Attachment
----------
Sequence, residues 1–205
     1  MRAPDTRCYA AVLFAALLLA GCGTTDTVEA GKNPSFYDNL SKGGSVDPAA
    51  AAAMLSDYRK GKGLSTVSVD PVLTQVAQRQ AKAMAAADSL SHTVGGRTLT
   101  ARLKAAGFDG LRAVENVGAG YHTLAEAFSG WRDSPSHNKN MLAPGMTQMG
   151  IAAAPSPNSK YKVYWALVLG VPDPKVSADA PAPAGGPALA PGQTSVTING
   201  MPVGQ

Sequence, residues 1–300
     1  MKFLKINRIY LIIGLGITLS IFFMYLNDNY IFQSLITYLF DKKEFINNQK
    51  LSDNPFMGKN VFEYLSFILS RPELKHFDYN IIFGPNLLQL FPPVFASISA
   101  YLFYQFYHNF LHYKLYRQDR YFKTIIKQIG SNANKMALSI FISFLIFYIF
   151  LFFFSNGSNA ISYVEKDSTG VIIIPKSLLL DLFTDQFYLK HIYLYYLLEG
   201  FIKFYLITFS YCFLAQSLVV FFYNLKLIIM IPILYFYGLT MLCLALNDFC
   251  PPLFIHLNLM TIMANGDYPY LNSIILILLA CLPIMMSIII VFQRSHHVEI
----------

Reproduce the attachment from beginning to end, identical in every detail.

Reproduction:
Sequence, residues 1–205
     1  MRAPDTRCYA AVLFAALLLA GCGTTDTVEA GKNPSFYDNL SKGGSVDPAA
    51  AAAMLSDYRK GKGLSTVSVD PVLTQVAQRQ AKAMAAADSL SHTVGGRTLT
   101  ARLKAAGFDG LRAVENVGAG YHTLAEAFSG WRDSPSHNKN MLAPGMTQMG
   151  IAAAPSPNSK YKVYWALVLG VPDPKVSADA PAPAGGPALA PGQTSVTING
   201  MPVGQ

Sequence, residues 1–300
     1  MKFLKINRIY LIIGLGITLS IFFMYLNDNY IFQSLITYLF DKKEFINNQK
    51  LSDNPFMGKN VFEYLSFILS RPELKHFDYN IIFGPNLLQL FPPVFASISA
   101  YLFYQFYHNF LHYKLYRQDR YFKTIIKQIG SNANKMALSI FISFLIFYIF
   151  LFFFSNGSNA ISYVEKDSTG VIIIPKSLLL DLFTDQFYLK HIYLYYLLEG
   201  FIKFYLITFS YCFLAQSLVV FFYNLKLIIM IPILYFYGLT MLCLALNDFC
   251  PPLFIHLNLM TIMANGDYPY LNSIILILLA CLPIMMSIII VFQRSHHVEI